Innovation Bolsters Aquaculture Industry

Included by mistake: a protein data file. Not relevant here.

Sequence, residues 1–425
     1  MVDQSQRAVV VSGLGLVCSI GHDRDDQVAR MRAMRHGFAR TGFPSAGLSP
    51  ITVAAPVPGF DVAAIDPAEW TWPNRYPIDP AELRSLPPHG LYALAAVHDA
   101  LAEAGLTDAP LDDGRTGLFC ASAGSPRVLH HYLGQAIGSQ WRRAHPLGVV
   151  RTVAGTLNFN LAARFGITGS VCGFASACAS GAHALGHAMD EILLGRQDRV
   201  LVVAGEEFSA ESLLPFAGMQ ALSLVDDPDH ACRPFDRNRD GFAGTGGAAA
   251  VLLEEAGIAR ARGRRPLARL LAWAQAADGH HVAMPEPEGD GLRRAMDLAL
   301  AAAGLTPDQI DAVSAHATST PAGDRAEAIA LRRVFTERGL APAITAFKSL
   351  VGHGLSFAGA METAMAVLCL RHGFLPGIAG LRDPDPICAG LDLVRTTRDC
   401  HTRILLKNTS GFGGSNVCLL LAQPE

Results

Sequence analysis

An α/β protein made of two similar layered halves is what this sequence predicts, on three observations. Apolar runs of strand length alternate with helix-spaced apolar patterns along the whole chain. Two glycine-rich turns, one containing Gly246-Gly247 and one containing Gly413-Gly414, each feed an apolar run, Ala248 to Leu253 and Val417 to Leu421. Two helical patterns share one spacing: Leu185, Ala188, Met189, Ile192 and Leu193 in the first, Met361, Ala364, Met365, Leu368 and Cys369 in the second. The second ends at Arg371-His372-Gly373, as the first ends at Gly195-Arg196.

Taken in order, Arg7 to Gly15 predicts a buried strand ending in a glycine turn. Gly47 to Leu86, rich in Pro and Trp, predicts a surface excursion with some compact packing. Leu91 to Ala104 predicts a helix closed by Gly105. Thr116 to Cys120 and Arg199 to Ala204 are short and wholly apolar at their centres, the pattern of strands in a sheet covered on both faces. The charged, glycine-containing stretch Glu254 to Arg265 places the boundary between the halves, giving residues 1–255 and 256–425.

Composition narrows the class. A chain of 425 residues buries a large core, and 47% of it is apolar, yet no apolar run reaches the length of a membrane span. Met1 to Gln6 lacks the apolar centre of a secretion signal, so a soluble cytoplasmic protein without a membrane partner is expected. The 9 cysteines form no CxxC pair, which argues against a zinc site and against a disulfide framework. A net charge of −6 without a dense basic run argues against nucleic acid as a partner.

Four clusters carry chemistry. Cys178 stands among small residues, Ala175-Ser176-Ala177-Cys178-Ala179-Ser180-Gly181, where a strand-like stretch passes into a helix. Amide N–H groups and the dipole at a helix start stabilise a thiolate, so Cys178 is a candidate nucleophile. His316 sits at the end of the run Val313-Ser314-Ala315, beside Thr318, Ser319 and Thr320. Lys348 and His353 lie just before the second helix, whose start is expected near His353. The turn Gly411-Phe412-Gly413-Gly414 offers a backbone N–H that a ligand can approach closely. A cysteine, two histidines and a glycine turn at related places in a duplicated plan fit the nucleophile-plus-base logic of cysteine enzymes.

Built on ingenuity and entrepreneurism, Hoopers Island Oyster Aquaculture Company was branded Chesapeake Gold Oysters in 2010. Co-owners Johnny Shockley and Ricky Fitzhugh pioneered the innovative aquaculture movement in Dorchester County using the latest technologies. Supported by the University of Maryland Eastern Shore Rural Development Loan, Eastern Shore Entrepreneurial Center, Dorchester County Economic Development, and their own resources, the partners renovated an old wholesale fish market, purchased equipment and began raising oysters on their newly leased grounds. It was once a thriving industry that provided livelihoods for many families on the bay but overharvesting, pollution and disease caused population declines. “We’re developing a company that will provide the infrastructure to support a new approach of producing oysters on the Chesapeake,” said Shockley. Always pushing the innovative edge, Shockley and Fitzhugh designed a system that could easily transition traditional oystering methods used by generations of watermen on the Chesapeake Bay to more efficient methods. Their oysters are grown in cages on the bottom of the bay and then cleaned throughout maturation. They are salted to desired levels at a shore facility to make up for the bay’s inconsistent salinity. Chesapeake Gold hosts tours of their facility and share their ingenuity with …